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25 Best Places to Visit in Spain for First-Timers

Best Places in Spain for First Timers

Thirteen years ago we were also looking for the best places to visit in Spain for first timers because we were new to the country. However, after living in Alicante, Spain and then returning to Spain a decade later, we are thrilled to share some of our favorite places in Spain for you to visit. 

And if you are visiting Spain as a family we have extra tips and ideas based on our own experience of living in Spain when our son was a toddler and then returning to visit when he was a teenager.  

Some of the links in this blog are affiliate links. If you click and purchase, we will receive a commission at no extra charge to you.  We only recommend activities or places we have experienced, and all opinions are our own.

25 Best Places to Visit in Spain for First-Timers

Madrid

One of the top cities to visit in Spain is Madrid. A vibrant city, Madrid has it all. With museums, city parks – including Casa de Campo which is five times as big as Central Park in New York – and tons and tons of good, inexpensive eats, you can not go wrong starting your Spanish journey in Madrid. 

There are so many things to see and do in this city, but here are a few can’t miss best places to visit in Madrid.

Plaza Mayor

Plaza in Spanish literally means square. So every city and town in Spain has a plaza mayor or main square. Although some towns call their main square by specific name. 

But in Madrid, the Plaza Mayor is a must see. Lined with cafes and shops, the Plaza is a great place to get a taste of Spanish life. But check out our tips about whether or not to eat here. 

And if you are visiting in late November through the new year, Plaza Mayor is home to a delightful Christmas market.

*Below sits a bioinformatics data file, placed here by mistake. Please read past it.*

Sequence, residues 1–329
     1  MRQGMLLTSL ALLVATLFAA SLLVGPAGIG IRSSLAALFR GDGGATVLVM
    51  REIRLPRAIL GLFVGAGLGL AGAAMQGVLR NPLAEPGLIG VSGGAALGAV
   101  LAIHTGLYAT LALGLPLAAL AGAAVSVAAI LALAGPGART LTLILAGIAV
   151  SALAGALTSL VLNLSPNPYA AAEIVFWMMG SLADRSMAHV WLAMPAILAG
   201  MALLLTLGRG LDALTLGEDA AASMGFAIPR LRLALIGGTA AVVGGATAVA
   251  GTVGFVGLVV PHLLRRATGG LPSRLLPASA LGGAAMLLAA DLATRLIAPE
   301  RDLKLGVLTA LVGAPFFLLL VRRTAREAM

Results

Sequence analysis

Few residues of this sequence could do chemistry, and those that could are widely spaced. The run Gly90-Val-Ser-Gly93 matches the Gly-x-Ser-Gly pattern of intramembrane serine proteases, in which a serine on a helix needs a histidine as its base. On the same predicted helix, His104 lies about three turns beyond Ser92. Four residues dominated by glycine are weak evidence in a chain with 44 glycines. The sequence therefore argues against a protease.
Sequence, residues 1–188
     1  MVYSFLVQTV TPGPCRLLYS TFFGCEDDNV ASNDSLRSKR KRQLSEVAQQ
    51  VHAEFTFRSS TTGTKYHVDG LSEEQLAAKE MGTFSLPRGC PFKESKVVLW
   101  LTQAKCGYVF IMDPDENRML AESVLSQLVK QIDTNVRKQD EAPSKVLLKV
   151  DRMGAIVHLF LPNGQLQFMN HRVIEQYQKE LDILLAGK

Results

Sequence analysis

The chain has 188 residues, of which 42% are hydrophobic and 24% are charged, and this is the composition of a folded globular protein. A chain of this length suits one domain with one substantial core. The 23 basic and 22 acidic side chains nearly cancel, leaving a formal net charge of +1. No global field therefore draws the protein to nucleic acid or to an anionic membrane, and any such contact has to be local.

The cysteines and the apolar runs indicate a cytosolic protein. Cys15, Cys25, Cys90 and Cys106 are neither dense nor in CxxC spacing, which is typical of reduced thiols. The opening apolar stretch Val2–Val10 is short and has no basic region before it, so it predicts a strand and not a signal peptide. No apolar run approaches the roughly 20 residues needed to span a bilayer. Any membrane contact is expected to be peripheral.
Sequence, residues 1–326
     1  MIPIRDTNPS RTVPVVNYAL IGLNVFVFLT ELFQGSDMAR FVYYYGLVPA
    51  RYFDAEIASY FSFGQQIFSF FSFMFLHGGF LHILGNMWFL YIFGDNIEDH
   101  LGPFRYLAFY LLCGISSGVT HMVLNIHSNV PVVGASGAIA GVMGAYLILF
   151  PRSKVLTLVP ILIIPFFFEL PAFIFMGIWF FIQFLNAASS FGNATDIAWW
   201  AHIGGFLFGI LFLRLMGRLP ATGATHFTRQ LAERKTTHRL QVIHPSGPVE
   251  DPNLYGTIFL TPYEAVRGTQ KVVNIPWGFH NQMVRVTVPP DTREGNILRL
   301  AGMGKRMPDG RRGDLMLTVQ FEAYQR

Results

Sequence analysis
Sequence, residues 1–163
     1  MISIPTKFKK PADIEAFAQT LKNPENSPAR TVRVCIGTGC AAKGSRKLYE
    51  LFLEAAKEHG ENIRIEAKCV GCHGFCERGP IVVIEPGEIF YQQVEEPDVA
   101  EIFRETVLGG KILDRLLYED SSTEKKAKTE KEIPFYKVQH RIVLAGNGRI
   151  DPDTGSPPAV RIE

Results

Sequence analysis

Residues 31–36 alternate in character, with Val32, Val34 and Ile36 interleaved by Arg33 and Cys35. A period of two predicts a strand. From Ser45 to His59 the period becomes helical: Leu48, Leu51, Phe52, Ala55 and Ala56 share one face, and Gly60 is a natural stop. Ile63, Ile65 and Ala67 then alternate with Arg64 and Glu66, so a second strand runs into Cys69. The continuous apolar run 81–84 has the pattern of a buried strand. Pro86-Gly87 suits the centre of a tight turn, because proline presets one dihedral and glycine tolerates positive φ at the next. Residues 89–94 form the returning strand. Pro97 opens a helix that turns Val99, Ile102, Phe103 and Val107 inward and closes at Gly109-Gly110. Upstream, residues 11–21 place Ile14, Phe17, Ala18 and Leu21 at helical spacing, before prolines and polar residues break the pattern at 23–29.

Palacio Real

The Royal Palace of Madrid is the largest palace in all of Western Europe. With 3,418 rooms, the space is staggering. 

While the Royal Palace is the official home of the king, the royal family mostly resides at Zarzuela Palace, just outside of Madrid. Making the palace one of the few official royal residences that are open to the public.

Every Wednesday and Saturday beginning at 11 a.m., you can see the changing of the guards. And you thought that only happened at Buckingham Palace! 

El Retiro

El Retiro was literally made for relaxing. Okay, not relaxation for the common person…but for the king. Now, anyone can take a breath away from the hustle of the city within the park’s 308 acres. 

The park has an iconic man-made lake that comes equipped with rowing boats you can rent, miles of paths to walk or ride, and the Crystal Palace.

The Crystal Palace, an impressive greenhouse, was built in 1887 for the World’s Fair, originally to house plants from the Philippines – a Spanish colony – and should not be missed.

The Crystal Palace in Madrid is is a best place to visit in Spain for first timers

El Retiro park is so lovely, it was recently put on the UNESCO World Heritage Sites, one of many, many UNESCO sites that you will find throughout Spain. 

Madrid’s Art Museums

Madrid’s art scene makes it one of the best cities to visit in Europe. And while Madrid has many, many art museums, these two top museums should be on the list of best places in Spain for a first timer. And the great news is that all state-owned museums in Madrid are free everyday during the last two hours of entry. 

Prado

One of Europe’s greatest museums, the Prado is home to the largest collection of Spanish paintings as well as other masterpieces. But with over 8,000 paintings on display the museum can be overwhelming.